Gordon was convicted and sentenced on three counts of possession of firearms by a convicted felon, 18 U.S.C.App. § 1202(a)(1), and one count of misdemeanor possession of a controlled substance, 21 U.S.C. § 844. Probation for the earlier offense was also revoked.
We hold that the search was proper pursuant to the guidelines set forth by this court en banc in United States v. Consuelo-Gonzalez, 521 F.2d 259 (9 Cir. 1975). Consuelo-Gonzalez involved a probation condition similar to the condition in the case at bar, but the search in that case was conducted solely by police officers and without the participation or direction of appellant's probation officer. The court found that "the only permissible conditions (on probation) are those that, when considered in context, can reasonably be said to contribute significantly both to the rehabilitation of the convicted person and to the protection of the public." Id. at 264. In Consuelo-Gonzalez the conviction was reversed on the grounds that the search was not for the purpose of rehabilitation because it was conducted by police officers not under the immediate and personal supervision of probation officers.
However, the court specifically approved the type of search involved in the case at bar. Consuelo-Gonzalez at 267 states:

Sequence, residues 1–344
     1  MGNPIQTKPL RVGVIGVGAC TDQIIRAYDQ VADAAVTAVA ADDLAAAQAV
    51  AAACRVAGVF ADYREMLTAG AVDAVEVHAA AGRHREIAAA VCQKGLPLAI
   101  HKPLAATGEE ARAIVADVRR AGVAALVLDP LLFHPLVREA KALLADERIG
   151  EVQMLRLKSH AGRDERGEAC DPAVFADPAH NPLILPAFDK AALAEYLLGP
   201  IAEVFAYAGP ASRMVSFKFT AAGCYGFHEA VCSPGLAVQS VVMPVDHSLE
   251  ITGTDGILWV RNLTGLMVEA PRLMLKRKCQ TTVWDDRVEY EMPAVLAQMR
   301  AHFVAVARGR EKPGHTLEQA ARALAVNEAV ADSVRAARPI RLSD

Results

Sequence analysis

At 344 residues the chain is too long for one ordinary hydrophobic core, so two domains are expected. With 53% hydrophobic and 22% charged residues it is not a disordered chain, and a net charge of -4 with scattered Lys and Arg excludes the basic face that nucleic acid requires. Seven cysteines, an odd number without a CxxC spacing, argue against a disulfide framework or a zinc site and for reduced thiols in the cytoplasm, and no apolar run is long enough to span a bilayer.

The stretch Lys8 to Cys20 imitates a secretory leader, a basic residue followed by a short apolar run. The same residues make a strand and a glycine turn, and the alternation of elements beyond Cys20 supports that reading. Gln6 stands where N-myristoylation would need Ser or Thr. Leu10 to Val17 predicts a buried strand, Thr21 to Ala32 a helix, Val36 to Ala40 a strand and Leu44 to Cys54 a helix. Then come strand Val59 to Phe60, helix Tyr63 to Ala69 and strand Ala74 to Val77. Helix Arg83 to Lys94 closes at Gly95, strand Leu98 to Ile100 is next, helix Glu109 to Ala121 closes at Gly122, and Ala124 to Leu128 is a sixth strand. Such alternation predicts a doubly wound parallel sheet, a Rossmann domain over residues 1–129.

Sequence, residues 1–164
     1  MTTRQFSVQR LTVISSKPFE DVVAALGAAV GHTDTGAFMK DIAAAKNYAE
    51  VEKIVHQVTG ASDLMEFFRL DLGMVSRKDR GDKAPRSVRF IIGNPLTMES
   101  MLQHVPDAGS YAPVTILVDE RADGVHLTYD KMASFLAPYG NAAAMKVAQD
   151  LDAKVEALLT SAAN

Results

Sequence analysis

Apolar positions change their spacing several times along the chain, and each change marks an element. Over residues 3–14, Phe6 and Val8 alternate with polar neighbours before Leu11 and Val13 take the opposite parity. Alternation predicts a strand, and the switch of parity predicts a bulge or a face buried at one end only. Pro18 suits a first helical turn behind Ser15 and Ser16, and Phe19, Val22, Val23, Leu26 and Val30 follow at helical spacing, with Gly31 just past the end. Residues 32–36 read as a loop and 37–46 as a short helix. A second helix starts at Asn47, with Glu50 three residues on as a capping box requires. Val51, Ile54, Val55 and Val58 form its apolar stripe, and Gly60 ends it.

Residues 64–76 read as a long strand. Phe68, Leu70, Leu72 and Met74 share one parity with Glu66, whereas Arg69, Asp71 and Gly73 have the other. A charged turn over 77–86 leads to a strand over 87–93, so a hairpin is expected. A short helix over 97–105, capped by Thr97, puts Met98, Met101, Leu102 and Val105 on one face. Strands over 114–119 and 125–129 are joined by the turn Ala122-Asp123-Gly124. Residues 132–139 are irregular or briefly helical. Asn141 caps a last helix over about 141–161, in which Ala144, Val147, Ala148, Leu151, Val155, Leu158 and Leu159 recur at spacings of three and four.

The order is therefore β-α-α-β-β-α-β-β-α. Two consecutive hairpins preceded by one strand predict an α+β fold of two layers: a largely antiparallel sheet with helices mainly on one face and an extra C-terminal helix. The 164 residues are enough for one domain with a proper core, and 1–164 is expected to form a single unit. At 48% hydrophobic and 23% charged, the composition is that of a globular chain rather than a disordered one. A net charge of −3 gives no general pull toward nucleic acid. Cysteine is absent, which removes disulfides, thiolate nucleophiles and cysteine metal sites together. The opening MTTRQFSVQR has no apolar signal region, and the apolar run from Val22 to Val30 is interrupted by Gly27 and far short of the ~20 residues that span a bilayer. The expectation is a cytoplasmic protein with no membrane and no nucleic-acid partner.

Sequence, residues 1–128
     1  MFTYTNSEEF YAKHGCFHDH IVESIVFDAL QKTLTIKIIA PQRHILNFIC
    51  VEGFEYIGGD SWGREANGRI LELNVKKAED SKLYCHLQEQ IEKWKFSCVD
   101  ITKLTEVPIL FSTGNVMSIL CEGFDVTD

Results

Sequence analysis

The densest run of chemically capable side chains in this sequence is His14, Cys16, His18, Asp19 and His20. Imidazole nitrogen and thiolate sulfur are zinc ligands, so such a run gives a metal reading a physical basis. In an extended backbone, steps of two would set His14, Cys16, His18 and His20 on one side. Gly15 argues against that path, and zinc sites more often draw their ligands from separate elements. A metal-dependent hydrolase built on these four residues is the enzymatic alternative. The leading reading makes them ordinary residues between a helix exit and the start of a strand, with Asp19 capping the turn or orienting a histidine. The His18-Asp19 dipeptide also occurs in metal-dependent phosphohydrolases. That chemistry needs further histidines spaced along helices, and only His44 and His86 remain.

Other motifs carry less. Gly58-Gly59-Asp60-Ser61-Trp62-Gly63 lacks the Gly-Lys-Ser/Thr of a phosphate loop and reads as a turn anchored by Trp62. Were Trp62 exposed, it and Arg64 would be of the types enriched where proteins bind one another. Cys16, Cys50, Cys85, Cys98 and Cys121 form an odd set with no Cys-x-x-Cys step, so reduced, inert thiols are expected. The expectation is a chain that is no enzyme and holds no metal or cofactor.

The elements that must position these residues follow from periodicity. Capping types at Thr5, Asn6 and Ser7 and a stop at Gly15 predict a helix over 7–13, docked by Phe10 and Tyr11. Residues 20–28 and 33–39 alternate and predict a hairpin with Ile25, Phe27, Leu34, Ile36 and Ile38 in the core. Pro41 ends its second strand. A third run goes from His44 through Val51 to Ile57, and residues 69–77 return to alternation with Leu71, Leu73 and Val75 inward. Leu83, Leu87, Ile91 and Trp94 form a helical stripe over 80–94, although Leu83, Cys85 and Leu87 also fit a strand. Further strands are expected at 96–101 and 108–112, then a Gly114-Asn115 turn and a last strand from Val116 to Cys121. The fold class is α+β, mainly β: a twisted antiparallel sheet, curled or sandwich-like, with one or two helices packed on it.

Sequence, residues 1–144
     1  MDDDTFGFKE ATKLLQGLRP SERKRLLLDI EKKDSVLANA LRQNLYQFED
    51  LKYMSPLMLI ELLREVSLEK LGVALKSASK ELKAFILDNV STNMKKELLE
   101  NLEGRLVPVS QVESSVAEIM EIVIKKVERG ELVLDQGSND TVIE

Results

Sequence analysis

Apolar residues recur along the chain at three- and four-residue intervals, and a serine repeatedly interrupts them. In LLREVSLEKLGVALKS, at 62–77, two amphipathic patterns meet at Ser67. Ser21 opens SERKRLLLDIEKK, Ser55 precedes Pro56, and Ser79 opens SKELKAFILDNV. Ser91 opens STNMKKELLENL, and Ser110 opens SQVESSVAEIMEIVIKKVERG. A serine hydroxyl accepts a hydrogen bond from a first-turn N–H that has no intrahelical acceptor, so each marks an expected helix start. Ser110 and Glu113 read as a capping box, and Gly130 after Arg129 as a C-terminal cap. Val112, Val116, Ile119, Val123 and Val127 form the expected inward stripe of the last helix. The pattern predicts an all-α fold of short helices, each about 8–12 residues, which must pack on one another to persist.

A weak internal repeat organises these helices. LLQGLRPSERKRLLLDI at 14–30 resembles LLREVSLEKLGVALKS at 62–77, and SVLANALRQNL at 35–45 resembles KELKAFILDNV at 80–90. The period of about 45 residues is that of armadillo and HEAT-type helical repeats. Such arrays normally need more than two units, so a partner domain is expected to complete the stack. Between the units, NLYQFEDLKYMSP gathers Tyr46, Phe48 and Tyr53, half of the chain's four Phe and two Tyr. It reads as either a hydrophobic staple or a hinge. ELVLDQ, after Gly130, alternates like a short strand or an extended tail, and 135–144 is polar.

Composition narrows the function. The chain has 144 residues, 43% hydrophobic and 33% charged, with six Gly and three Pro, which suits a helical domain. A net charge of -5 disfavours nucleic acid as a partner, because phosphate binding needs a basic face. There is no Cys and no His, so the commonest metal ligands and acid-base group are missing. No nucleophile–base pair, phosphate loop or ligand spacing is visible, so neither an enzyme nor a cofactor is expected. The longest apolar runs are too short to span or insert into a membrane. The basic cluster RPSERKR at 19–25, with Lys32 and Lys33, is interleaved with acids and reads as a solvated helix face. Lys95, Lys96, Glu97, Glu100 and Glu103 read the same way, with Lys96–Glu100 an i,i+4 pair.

"Moreover, nothing said here is intended to preclude mutually beneficial cooperation between probation officers and other law enforcement officials. For example, a proper visitation by a probation officer does not cease to be so because he is accompanied by a law enforcement official. . . . However, under no circumstances should cooperation between law enforcement officers and probation officers be permitted to make the probation system 'a subterfuge for criminal investigations.' "
There is nothing in the record in this case to suggest that this search was not a search conducted in a proper manner and for a proper purpose by Gordon's probation officer. The Narcotics Task Force agents accompanied the probation officer for the sole reason to expedite the search. The search was initiated by the probation officer after the probation officer had received information that Gordon was violating the conditions of his probation. "Thus this case is not one in which the parole officer was a stalking horse for the police." Latta v. Fitzharris, 521 F.2d 246, 247 (9 Cir. 1975). Compare United States v. Hallman, 365 F.2d 289, 292 (3 Cir. 1966), and People v. Coffman, 2 Cal.App.3d 681, 689, 82 Cal.Rptr. 782 (1969).
Gordon also argues that the evidence should have been suppressed because the authorization for the search, which provided for a search by "any law enforcement officer", was overbroad. We note that the terms of probation were fixed over two years prior to the holding in Consuelo-Gonzalez. That case established the proper language for future probation orders, but it did not invalidate prior, broader orders which would be narrowly and properly exercised. We hold that because the broad authorization was narrowly and properly exercised, the search in this case was proper.
Honorable James M. Burns, United States District Judge for the District of Oregon, sitting by designation